The London Sunday Telegraph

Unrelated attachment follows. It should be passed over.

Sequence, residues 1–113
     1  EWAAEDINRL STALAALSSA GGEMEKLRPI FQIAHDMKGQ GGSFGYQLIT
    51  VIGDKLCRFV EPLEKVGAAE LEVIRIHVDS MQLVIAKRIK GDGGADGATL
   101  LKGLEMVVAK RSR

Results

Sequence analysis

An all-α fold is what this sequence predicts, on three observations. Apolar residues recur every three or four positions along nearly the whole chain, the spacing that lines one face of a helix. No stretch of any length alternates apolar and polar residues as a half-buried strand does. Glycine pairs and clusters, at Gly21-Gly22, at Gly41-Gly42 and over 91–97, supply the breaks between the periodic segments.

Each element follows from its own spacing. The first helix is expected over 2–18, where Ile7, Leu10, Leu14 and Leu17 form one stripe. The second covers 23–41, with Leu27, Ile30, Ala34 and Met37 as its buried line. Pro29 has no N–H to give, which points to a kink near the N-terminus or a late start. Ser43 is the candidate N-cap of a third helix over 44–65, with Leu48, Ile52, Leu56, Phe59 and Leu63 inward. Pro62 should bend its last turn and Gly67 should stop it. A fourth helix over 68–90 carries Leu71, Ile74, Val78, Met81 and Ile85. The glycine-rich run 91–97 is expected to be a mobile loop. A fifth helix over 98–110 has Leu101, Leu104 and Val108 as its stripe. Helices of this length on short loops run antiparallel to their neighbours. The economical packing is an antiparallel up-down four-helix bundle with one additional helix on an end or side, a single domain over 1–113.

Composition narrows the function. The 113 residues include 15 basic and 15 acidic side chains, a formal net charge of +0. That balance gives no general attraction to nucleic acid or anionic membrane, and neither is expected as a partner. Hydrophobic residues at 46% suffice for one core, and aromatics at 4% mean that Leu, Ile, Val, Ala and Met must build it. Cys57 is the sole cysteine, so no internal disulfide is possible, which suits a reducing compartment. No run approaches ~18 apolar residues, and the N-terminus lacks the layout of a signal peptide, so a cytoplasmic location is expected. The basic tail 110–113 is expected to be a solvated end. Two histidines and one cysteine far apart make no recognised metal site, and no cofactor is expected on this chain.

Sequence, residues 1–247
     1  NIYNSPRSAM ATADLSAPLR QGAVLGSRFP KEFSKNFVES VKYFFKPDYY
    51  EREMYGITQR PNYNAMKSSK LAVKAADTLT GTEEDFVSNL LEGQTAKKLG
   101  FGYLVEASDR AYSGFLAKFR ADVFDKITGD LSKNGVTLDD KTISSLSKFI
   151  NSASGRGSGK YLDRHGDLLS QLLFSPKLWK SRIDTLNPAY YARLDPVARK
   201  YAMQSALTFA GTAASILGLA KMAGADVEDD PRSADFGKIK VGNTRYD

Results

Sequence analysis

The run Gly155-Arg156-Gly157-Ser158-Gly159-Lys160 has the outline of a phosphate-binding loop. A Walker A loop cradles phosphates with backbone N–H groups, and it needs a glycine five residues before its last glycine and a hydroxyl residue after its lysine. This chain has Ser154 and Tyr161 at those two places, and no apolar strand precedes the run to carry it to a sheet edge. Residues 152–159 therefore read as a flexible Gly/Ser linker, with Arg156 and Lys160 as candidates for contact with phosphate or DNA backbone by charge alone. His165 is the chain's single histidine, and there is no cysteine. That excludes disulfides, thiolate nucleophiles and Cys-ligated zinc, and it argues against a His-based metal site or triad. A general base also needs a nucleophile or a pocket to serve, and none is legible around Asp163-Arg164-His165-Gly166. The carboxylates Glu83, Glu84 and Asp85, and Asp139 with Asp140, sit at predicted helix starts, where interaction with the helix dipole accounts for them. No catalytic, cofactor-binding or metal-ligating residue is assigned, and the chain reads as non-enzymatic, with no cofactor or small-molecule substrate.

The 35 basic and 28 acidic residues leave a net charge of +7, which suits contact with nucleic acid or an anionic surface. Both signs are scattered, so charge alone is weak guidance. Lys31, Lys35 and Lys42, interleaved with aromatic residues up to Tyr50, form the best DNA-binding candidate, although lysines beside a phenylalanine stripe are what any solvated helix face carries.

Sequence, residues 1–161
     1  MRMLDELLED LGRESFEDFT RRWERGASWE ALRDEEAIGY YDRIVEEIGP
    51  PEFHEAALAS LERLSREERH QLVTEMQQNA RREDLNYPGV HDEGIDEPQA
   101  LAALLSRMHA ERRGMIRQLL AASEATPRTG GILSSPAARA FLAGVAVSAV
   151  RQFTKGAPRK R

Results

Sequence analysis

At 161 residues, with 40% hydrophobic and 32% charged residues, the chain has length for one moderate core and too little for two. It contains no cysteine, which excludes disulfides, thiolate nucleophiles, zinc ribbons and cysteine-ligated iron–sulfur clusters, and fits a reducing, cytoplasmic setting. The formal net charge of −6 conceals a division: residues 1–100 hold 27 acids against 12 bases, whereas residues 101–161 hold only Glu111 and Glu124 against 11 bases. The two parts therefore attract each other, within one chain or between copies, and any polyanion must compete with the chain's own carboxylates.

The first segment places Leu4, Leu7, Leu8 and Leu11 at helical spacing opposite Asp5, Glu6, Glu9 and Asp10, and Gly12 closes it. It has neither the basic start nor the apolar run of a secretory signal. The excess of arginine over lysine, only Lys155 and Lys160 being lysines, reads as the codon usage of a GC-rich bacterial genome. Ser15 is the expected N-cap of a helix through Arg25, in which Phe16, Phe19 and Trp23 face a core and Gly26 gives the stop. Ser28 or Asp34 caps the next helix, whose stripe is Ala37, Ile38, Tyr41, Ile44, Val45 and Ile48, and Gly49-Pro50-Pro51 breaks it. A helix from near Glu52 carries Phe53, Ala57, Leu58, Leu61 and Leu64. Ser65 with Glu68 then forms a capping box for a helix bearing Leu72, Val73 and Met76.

reported that a new European law would grant individuals the right to own their voice and distinctive mannerisms. As a consequence, comedians and impressionists would be forced to pay royalties to those they imitated. Politicians, actors, and other public figures who are frequently imitated by satirists could therefore begin to receive substantial payments in addition to their regular income. Impressionists anticipated that the ruling would present a serious challenge to their livelihood. The ruling apparently arose from a case involving a French singer, Yves Gainsbourg, who claimed that other entertainers were profiting by imitating his idiosyncratic stage manner, "described as a cross between Tom Jones and Charles Aznavour." The ruling would extend even to "end-of-pier shows, where journeymen comedians still make careers out of impersonating Norman Wisdom, Mick Jagger and Boy George." The Finnish European Commssioner, Larip Loof, was quoted as saying that the ruling was "a logical progression" from existing laws covering intellectual property rights. The ruling was scheduled to become law on April 1, 2003.